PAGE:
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Key learnings

6 software development wisdoms from the JAX London – Day 2

JAX Editorial Team
Photo: S&S Media / Katura Jensen

What do we do when microservices fail? What do we do when programmers fail? What have we improved in high-speed systems over the years? And what are the risks of unit testing? We take a look at the some of the most important takeaways from this year’s JAX London.

1. We need to think about what to do when people fail

Failure is inevitable. Especially in highly available systems, says speaker Jeremy Deane. And if you don’t have monitoring in place, you may not even know your system has failed until you get a flood of angry tweets and messages from your users. And that’s when you have to scramble to fix the problem, Deane told us after his session.

“If you implement resiliency principles and techniques, a lot of times, not only can you react very fast, in many cases you can add self-healing. And so you don’t even need to page that person in the middle of the night to come in and fix it. It just fixes itself.”

At the same time, Deane stresses that we need to take care of our company culture after such failures. Do we immediately start pointing fingers? Or do we create a culture where employees are not afraid to share their failures with the rest of the company, so that others can learn?

2. We need to think about what how microservices fail

In her session on microservices, Holly Cummins explained the importance of failure for microservices.

“Thinking about failure is critical,” says Cummins. “Imagine a little microservice teacup, bobbing along in those rough network waters, with occasional hardware lightning strikes. Not only is failure a possibility, it’s practically a certainty. Tolerance for failure needs to be built in at every level, and it needs to be exercised at every stage of testing.”

Speaking of ways to fail, don’t even think about approaching microservices without DevOps, says Cummins.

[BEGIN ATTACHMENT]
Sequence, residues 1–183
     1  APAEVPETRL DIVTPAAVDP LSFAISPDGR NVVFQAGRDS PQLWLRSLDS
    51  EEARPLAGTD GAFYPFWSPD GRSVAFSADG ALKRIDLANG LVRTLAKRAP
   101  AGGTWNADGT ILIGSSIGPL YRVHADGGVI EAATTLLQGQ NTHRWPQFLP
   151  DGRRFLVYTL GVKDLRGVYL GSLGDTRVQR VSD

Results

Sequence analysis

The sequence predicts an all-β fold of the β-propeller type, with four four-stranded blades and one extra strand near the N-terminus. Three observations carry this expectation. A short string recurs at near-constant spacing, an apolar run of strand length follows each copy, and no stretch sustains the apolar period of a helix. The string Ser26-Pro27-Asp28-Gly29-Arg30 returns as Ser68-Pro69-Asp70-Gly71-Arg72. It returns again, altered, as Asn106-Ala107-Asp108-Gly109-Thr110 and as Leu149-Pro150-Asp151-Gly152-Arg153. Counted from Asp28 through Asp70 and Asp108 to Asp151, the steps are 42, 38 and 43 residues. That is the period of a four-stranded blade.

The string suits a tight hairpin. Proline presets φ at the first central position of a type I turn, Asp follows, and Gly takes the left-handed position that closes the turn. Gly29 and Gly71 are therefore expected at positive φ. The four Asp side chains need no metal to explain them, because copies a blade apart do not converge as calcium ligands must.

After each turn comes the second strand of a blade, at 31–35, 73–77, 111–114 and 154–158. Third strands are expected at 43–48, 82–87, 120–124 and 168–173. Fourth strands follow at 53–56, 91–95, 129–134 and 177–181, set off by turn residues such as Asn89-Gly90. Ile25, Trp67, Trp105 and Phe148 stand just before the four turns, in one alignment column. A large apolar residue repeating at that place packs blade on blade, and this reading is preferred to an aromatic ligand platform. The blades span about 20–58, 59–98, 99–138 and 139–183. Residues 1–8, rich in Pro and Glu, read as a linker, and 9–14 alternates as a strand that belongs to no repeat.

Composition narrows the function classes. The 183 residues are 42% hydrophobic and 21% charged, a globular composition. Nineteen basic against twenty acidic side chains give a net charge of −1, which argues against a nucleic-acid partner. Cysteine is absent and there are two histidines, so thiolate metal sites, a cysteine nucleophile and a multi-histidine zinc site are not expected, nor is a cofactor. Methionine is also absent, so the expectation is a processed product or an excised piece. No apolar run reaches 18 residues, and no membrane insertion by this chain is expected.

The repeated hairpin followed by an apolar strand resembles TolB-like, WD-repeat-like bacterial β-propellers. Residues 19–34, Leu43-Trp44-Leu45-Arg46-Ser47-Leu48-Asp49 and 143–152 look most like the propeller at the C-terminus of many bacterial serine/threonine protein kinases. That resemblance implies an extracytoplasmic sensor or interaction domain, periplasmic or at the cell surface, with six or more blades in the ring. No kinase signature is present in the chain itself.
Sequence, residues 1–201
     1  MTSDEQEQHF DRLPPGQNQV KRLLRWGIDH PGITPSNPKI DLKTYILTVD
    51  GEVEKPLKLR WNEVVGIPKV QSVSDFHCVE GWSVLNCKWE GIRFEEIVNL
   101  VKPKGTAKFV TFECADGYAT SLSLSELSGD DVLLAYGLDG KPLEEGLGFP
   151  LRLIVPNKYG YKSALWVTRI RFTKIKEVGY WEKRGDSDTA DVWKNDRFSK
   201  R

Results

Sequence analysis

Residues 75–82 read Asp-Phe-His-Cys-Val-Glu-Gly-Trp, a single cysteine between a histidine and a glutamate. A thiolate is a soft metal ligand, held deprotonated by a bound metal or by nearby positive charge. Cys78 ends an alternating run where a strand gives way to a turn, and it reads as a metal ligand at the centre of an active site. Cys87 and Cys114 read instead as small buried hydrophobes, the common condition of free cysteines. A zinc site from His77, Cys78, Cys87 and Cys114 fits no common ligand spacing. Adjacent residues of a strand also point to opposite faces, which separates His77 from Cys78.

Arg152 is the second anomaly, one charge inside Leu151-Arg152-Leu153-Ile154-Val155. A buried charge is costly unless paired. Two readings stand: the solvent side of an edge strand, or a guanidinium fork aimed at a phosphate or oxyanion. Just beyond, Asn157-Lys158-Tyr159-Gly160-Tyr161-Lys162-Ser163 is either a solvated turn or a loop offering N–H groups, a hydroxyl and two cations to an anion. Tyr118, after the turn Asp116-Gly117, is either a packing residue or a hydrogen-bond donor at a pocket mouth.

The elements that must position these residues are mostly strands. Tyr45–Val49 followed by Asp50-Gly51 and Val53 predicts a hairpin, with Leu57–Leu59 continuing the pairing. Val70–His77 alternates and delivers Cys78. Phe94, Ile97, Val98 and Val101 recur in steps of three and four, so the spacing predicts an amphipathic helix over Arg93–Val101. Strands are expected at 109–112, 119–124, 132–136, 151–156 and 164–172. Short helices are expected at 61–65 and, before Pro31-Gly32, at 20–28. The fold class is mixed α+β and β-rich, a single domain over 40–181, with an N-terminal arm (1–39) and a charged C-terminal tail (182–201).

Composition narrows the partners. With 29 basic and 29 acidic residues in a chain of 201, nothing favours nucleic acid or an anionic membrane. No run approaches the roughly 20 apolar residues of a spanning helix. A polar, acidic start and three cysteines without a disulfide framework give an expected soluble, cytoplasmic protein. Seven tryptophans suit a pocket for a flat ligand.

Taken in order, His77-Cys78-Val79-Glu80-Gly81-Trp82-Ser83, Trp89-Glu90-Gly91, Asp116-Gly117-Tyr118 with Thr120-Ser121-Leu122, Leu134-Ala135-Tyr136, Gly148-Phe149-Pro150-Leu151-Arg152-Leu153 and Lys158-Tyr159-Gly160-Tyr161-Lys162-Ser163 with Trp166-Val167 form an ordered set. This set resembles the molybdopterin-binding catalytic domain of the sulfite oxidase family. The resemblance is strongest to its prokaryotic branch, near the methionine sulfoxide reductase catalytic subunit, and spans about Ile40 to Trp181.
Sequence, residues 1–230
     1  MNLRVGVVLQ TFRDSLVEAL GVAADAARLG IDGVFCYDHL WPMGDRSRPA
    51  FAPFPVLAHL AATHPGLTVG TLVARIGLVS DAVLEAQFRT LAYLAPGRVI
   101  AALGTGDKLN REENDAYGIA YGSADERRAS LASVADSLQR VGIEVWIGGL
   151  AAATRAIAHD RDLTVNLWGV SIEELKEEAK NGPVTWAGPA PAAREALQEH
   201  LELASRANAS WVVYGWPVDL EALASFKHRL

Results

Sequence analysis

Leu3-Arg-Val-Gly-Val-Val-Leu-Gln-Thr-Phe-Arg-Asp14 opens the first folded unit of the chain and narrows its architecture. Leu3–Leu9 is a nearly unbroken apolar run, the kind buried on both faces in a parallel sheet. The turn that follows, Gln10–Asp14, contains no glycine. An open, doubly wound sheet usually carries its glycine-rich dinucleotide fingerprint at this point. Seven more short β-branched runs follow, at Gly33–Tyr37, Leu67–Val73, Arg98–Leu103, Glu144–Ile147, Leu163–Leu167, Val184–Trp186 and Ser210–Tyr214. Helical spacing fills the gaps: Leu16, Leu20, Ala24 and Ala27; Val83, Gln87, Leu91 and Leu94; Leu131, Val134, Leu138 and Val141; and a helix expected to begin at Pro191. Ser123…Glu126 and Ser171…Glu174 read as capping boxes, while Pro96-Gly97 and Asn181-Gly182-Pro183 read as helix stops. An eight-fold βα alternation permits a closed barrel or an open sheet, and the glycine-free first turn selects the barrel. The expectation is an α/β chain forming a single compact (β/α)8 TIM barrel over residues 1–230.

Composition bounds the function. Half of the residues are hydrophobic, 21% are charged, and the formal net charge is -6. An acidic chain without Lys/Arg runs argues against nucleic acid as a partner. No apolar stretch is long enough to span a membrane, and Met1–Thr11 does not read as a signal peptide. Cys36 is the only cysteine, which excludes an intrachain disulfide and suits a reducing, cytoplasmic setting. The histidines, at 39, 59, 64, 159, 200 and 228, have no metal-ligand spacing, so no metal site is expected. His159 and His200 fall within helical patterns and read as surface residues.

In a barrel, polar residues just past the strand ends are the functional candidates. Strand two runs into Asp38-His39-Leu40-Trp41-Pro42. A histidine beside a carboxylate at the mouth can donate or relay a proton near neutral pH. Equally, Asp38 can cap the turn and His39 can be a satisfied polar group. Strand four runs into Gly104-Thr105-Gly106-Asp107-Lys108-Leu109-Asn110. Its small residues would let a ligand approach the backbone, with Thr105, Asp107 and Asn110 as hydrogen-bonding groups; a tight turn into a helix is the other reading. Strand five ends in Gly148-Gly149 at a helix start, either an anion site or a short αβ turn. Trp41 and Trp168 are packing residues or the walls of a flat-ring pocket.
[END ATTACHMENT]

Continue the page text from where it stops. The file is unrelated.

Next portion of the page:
3. TDD has different styles – be smart about how you use it

You very rarely over-engineer when you’re using the Classicist approach of TDD – that’s on top of it being easier to understand. This makes the Classicist approach, popularised by Kent Beck, a great option for when we’re not entirely sure what we’re doing, or when “we’re exploring” in Sandro Mancuso’s words.

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Sandro Mancuso at the JAX London (photo: S&S Media / Katura Jensen)

However, it’s not your only option, with the Outside-In approach a better option for when you’re looking to test behaviour, as opposed to the state-based test focus in the Classicist model.

But where does design fit into all of this? For followers of the Classicist style, design happens in the refactoring phase, but for Outside-In practitioners, its all happening in the red phase with zero feedback from your code.

4. It’s not the software that has improved. It’s the hardware.

Problems don’t change, they just get bigger and with history repeating itself in IT “every 17 years or something”, John Davies was quick to point out that it isn’t the software that’s improved things, but the hardware: “Where we have the advantage is the hardware, and its increased at a rate that from day to day, we don’t really notice it. The hardware we have is thousands of times better”.

Back in 1969, Apollo 11’s guidance computer had just 2k of memory and a 32kb computer. Today, we watch 1GB 1080p films on our mobile phones.

“Software is slowing us down,” says Davies. We’ve added layer upon layer of abstraction to hide the existing complexity and hardware, and while this might be good, we should be wary of how it slows things down.

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Expo reception chats (Photo: S&S Media / Katura Jensen)

5. Testing databases is tough

In many instances, unit tests can actually become a hindrance to getting the job done effectively, argues Colin Vipurs JAX London speaker and a veteran in testing. Mocking is one thing that Vipurs advised us against ever, ever doing.

“As with mocking any code you don’t own, what you’re validating is that you’re calling the third-party code in the way you think you should, but, and here’s the important part – this might be incorrect,” explains Vipurs. “Unless you have higher lever tests covering your code, you’re not going to know until it hits production. In addition to this, mocking raw JDBC is hard, like really hard.”

6. Java is faster than JavaScript!

Yes, joy be unto all Java developers, for Java officially outperforms JavaScript – at least when it comes to computational workloads, and things like calculations and transactions. Even with a simple “hello world” message test, Java is in the lead for performance.

But that doesn’t mean JavaScript can’t regains its edge within web applications. And it also doesn’t have to be Java or JavaScript – JavaScript is still best suited for the front end, says speaker Chris Bailey.

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